Home > News > Family Dispute Resolution Requirements in Family Law

Family Dispute Resolution Requirements in Family Law

Spread the love

By Carmel Morrison, Senior Associate

Family law regimes in Australia encourage separated parties to make a genuine effort to avoid going to Court by engaging in litigation as a last resort. In certain circumstances parties are obliged to attempt resolution of their disputes by a process known as Family Dispute Resolution (“FDR”). It is generally accepted that this includes negotiations through lawyers.

The FDR process involves a registered and independent FDR practitioner who will help separated parties resolve as many of their issues, both property and/or parenting, as possible. These practitioners are legally trained in accordance with strict training and national registration requirements.

Whilst encouraged, the FDR process is not mandatory where the dispute involves only property. FDR is however mandatory for parenting and children’s disputes.   

Subject to the exceptions below, it is therefore only possible to file an application in a parenting matter if you have obtained a s60I Certificate from an FDR registered practitioner.

When is a s60I Certificate Not Required?

There are certain circumstances in which a s60I Certificate does not need to be provided. For example, where the Application relates to the following:

  • Financial/Property settlement orders only;
  • Consent orders;
  • Hague Abduction Convention orders;
  • Child support; or
  • If it is an amended application that relates to a child who is the subject of a current application.

Exceptions to the Requirement of a s60I Certificate

There are certain exceptions to the requirement to provide a s60I Certificate. These exceptions are set out under section 60I(9) of the Act for the following circumstances:

  • Where there is urgency;
  • Where the Court could find there are reasonable grounds to believe that there has been child abuse and/or family violence by a party or there is a current;
  • Where there would be a risk of child abuse if the hearing of the application were delayed;
  • Where a party cannot participate effectively in FDR due to an incapacity (e.g. physical, sensory or cognitive) or because of physical remoteness from the FDR provider;
  • Where there is an application relating to alleged contraventions of an existing Order made within the last twelve months or there are reasonable grounds to believe the person who has allegedly contravened the order has behaved in a way that shows a serious disregard for his or her obligations under that order.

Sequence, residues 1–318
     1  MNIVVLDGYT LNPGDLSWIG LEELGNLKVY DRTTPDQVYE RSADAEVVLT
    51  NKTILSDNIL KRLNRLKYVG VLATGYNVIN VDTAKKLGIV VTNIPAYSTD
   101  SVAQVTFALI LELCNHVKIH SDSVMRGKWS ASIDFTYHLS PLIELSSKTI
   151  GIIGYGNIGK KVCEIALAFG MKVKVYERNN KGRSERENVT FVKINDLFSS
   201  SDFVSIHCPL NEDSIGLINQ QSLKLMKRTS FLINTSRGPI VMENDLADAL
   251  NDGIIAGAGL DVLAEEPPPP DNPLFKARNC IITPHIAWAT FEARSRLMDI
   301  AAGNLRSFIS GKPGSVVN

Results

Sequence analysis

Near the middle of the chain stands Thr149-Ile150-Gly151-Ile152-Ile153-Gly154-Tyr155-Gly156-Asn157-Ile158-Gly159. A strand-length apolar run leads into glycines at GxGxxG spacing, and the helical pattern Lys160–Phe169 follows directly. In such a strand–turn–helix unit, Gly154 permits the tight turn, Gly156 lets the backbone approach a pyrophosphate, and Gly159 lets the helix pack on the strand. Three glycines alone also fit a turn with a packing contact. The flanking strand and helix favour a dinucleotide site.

The Family Dispute Resolution Process

The FDR process is confidential and FDR practitioners are independent. They are highly trained and must be registered nationally to be able to work in this field. They will assess what it is that the parties wish to discuss and the parameters of the dispute that is to be resolved, with an intake process to decide whether each matter is in fact suitable for FDR. 

If it is decided that the FDR process is likely to be of use in a particular case, the parties may attend separate or joint sessions, where the FDR practitioner guides the parties through the process in an attempt to reach an agreement. 

There are many kinds of FDR processes available and it is important that you obtain independent legal advice before taking part in the process.  MST’s very experienced legal practitioners can assist you in the following areas:

  • choosing the most appropriate FDR process for your needs;
  • providing general advice and guidance for your specific situation;
  • helping you to prepare for the FDR process including formulating an agenda for discussion;
  • advising you in relation to the best and most practical outcomes for you as a result of the FDR process.

Following the FDR process, the FDR practitioner will provide a certificate regardless of whether agreement has been reached.    This certificate can also be provided if the FDR practitioner determines that the dispute is not suited to the FDR process, or one party does not wish to attend or refuses to attend FDR.

Advantages of Family Dispute Resolution

The FDR process provides many advantages and benefits that court proceedings do not. These advantages are as follows:

  • It is faster that the court process;
  • It is significantly less costly than the court process;
  • It is generally less stressful and intimidating and aims to provide an equal platform with minimal power imbalances which would otherwise prevent a party being able to express themselves freely;
  • It aims at allowing a party to self-determine the outcome;
  • It allows parties with an opportunity to reach the best possible arrangements for them and allows a far greater scope of arrangements than would be possible as a result of a Court hearing. The best way to describe this is that it allows participants to formulate and agree on arrangements that are best for their family and children;
  • The flexibility is far greater and allows for more creative arrangements and resolutions to be put into place;
  • Participants can prepare an agenda which narrows the issues and concerns that they want to discuss; and
  • Above all, it allows parties to take control of the decisions concerning their lives, rather than being forced to adhere to orders made by a court and which orders will not necessarily be as accommodating of any particular needs that the parties may have.

MST Lawyers can help you understand the FDR process and the outcomes you can expect. We can help you prepare for FDR so that you maximise the benefits from the process.

If you have any queries, we invite you to contact our highly experienced Family Law team who will be happy to assist you either by telephone, Zoom or face-to-face meetings.  Please call us on +61 3 8540 0200.